Knot gardens are making a comeback, and you can have one too--in a container.
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Knot gardens, the marvels of 14th- and 15th-century Europe, are making a comeback.
A knot garden is essentially low-clipped hedges planted and trimmed to create a knotted- cord effect, where the different plant materials come in and out from underneath each other and give you that look of a knotted cord. There's the open style (figure A), where bare soil can be seen within the figures.
"The No. 1 thing that takes the most time however is the clipping of the hedges," says Alex Fernandez, manager of Filoli Gardens in Woodside, Calif. "Since it is a very formal garden with a lot of different plant material, you have to really delineate your lines and plant material. You have to be really meticulous because it's important--especially in an open knot garden--to keep that area free of weeds so the plants really show off."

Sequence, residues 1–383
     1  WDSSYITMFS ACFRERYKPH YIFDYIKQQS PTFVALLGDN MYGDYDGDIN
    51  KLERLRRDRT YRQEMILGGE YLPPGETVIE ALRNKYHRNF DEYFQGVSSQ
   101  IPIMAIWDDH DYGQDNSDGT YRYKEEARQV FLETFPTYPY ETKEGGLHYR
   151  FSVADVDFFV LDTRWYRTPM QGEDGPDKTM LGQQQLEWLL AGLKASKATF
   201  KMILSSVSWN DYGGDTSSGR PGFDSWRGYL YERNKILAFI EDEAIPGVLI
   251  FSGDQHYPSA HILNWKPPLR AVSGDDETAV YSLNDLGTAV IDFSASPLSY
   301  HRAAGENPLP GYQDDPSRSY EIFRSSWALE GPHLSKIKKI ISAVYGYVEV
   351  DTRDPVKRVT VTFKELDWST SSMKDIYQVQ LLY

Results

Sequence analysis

If attempting a knot garden at home seems daunting, just start a small container knot garden.